The supermajority vote provision was created by Proposition 13, California’s famous – or infamous – property tax limit measure, passed by voters in 1978, and later bolstered by another initiative, Proposition 218.

Two years ago, however, the state Supreme Court seemingly carved out a way for local governments to sidestep that law. It implied, in ruling on a Southern California marijuana case, that if special purpose tax measures are placed on the ballot by initiative petition, rather than by the local governments themselves, the two-thirds vote threshold might not apply.

Ever since, those who want to raise local taxes have yearned to learn whether the Supreme Court really meant to make an exception and, not surprisingly, San Francisco’s very liberal city government, acting on the advice of City Attorney Dennis Herrera, volunteered to become the legal guinea pig.

Members of the city’s governing body, its Board of Supervisors, personally sponsored two tax increase initiatives last year, one for the June election and another in November, both listed on the ballot as “Proposition C.”

The June measure, a tax on commercial rents to finance early childhood education and child care services, received 51 percent voter support. The November proposal, a tax on businesses to finance services and housing for the homeless, garnered 61 percent voter support.

With both votes below two-thirds, opponents of the measures sued, contending that they were invalid. The city began collecting the taxes, but not spending them, while the legal battle raged.

Last week, San Francisco Superior Court Judge Ethan Schulman agreed with Herrera and validated both taxes. However, he doesn’t have the last word. Business and anti-tax groups, such as the Howard Jarvis Taxpayers Association, vowed “an immediate appeal” and the issue is clearly headed to the state Supreme Court for a definitive ruling.

A third San Francisco tax measure, also placed by initiative petition and receiving a simple majority approval from voters in 2018, is also being contested. Proposition G imposes a new “parcel tax” on homes and other real estate to increase teacher pay.

Were the state’s highest court to convert its 2017 implication into declarative law, it would almost completely change the dynamics of local tax battles.

Rather than propose special purpose taxes directly, local officials and their political allies, especially public employee unions, could do it via initiative petition and completely bypass the long-standing supermajority vote requirement.

There is, however, another wrinkle to the situation.

Last year, as the San Francisco tax measures were being challenged, the state Supreme Court issued another decision that could affect the eventual outcome.

It declared that when former San Diego Mayor Jerry Sanders sponsored a 2012 ballot measure to reform city pensions, he was acting in an official capacity, not as a private citizen, and therefore was legally obligated to “meet and confer” with unions on something that affected their members’ compensation.

Logically, if Sanders was under that legal obligation as an official while sponsoring a ballot measure, then members of the San Francisco Board of Supervisors also were acting officially, and not as ordinary citizens, when they sponsored their tax measures. If so, their measures probably should have been subject to the supermajority rule.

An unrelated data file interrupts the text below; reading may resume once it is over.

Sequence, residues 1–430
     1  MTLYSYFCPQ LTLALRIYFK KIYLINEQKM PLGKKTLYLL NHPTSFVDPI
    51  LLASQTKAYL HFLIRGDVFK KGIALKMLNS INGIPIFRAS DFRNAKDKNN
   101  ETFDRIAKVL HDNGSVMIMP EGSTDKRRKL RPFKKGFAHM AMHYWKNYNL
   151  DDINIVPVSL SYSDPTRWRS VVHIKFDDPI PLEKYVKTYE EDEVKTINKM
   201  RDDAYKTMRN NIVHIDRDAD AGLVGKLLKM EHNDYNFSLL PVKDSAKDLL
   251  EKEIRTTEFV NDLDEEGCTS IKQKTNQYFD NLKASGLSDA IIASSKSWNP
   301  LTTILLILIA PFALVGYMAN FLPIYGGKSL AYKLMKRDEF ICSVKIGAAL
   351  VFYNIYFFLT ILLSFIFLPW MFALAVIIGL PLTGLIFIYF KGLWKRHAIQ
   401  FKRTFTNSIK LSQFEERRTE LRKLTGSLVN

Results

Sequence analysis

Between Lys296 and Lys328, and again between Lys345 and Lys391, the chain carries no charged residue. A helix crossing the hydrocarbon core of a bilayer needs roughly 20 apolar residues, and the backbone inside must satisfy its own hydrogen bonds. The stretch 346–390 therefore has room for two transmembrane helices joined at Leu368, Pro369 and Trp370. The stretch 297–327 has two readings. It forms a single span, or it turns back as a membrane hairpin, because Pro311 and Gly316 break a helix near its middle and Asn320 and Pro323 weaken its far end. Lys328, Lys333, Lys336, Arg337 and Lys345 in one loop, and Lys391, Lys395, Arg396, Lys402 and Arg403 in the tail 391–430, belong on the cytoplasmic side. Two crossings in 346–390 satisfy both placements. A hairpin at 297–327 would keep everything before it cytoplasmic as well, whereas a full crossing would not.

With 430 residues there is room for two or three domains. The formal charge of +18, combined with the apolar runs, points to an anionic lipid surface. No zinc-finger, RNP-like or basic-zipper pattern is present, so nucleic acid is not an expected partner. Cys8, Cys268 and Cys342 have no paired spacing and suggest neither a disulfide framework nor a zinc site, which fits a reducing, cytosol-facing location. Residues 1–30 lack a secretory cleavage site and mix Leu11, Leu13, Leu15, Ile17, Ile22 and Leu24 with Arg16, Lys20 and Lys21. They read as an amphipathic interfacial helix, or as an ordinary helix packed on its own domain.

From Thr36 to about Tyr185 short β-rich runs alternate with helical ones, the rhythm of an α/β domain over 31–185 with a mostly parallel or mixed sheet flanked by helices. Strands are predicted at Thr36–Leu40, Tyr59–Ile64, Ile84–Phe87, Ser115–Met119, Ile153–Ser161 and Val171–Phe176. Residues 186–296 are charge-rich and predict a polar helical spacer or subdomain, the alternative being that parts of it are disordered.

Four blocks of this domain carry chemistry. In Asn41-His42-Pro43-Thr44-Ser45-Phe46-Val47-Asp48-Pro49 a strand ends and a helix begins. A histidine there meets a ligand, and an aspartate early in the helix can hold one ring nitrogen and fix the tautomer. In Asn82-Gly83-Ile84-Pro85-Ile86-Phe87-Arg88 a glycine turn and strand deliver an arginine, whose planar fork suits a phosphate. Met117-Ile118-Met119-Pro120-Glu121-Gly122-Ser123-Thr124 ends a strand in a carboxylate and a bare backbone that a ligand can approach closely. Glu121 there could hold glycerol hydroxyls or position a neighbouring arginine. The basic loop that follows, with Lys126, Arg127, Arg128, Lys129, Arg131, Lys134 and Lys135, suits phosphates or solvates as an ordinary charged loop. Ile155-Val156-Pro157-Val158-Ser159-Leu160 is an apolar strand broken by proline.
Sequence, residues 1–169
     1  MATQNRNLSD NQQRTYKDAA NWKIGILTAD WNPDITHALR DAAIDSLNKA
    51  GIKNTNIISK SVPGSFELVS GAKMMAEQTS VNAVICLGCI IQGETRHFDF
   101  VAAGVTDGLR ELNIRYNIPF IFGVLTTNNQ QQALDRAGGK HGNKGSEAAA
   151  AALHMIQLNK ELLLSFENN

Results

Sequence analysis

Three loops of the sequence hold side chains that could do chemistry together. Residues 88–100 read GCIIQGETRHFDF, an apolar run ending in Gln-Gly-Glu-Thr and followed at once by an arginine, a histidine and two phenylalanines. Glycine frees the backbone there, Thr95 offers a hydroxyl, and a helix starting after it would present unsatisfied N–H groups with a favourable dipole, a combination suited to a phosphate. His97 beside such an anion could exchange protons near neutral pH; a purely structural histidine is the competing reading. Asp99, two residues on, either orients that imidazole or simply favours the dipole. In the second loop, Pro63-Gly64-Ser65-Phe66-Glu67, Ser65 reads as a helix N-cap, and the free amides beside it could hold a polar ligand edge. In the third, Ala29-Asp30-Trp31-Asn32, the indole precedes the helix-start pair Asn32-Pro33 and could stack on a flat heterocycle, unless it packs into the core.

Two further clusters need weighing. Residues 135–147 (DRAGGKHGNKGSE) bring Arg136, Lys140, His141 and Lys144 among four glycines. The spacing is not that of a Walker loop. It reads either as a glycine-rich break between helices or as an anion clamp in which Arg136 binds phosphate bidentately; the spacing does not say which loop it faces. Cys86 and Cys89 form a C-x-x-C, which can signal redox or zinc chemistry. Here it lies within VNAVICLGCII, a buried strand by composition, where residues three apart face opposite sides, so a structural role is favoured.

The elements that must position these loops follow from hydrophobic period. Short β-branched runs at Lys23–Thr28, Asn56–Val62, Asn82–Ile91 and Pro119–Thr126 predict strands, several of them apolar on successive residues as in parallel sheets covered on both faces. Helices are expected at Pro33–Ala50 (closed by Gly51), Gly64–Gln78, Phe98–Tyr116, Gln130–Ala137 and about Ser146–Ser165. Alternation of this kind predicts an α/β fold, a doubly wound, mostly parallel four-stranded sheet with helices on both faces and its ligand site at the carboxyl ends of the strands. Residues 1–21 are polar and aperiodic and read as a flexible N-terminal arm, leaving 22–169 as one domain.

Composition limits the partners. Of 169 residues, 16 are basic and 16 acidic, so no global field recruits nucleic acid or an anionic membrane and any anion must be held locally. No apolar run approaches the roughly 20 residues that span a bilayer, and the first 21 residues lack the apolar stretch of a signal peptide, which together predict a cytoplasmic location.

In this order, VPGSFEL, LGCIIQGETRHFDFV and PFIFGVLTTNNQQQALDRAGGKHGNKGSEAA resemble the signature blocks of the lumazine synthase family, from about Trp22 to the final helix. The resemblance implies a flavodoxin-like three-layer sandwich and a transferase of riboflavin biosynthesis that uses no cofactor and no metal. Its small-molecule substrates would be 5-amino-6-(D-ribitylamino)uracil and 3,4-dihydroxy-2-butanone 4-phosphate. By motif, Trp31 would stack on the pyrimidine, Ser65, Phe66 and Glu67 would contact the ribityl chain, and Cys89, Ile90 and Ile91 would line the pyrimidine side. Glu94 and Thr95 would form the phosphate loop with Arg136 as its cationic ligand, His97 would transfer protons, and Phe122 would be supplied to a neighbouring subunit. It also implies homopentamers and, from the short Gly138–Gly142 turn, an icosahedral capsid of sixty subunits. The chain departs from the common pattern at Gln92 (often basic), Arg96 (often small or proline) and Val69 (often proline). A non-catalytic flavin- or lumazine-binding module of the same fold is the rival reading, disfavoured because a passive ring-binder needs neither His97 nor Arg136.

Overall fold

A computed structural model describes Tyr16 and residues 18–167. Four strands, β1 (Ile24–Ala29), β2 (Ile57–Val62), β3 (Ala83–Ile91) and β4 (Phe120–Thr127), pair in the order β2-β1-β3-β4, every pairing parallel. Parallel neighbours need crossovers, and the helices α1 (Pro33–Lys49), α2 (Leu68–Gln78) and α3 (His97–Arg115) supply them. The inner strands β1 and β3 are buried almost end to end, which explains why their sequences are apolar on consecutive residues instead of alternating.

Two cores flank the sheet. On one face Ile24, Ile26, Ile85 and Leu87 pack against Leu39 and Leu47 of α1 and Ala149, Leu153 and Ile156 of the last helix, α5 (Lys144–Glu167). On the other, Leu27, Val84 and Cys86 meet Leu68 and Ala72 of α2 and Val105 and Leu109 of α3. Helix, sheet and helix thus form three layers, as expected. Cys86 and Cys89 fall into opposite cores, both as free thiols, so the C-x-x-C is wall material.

It will be interesting to see how the court balances one ruling with the other, if it can, with financial stakes astronomically high in the outcome.

This article was originally published by CalMatters.org

After Decades of Red Tape, Some Developers Seeing Their Projects Through

Building homes in California requires a significant investment of time, money, and other resources, leading many developers to avoid construction projects. But in northwest Los Angeles County, one builder has stayed the course since 1994. On completion in 2021, the 15,000-acre Newhall Ranch — billed as one of the world’s first large-scale planned communities — will feature roughly 22,000 homes that follow the curves of the Santa Clara River in the Santa Clarita Valley. Owned by Orange County’s FivePoint Communities, Newhall Ranch is expected “to be ‘net-zero,’ meaning no greenhouse gas emissions, by implementing several mitigation efforts including solar panels and open space,” according to local radio reports. Some developers and environmentalists regard the development as a “new benchmark in the fight against climate change.” Homes will be outfitted with sun-driven power and charging stations for electric vehicles, and FivePoint plans to offer subsidies to “residents, schools, and bus services” to encourage them to buy zero-emission vehicles.

Though the developer tirelessly met environmentalist demands and generated “green” credibility, the project has endured more than a quarter-century of roadblocks and red tape, courtesy of California’s mammoth bureaucracy — including “lawsuit after lawsuit after lawsuit,” says Wendy Devine, who oversees a website focused on Newhall Ranch news. The litigation primarily addressed environmental issues, as is typical for California, where the California Environmental Quality Act (CEQA) has delayed housing development, reduced it in scope and size, and even shut it down. The developer produced more than109,000 pages of documents, navigated the review of 25 government agencies, appeared at 21 public hearings, and attended over 700 meetings. Finally, the project broke ground last year.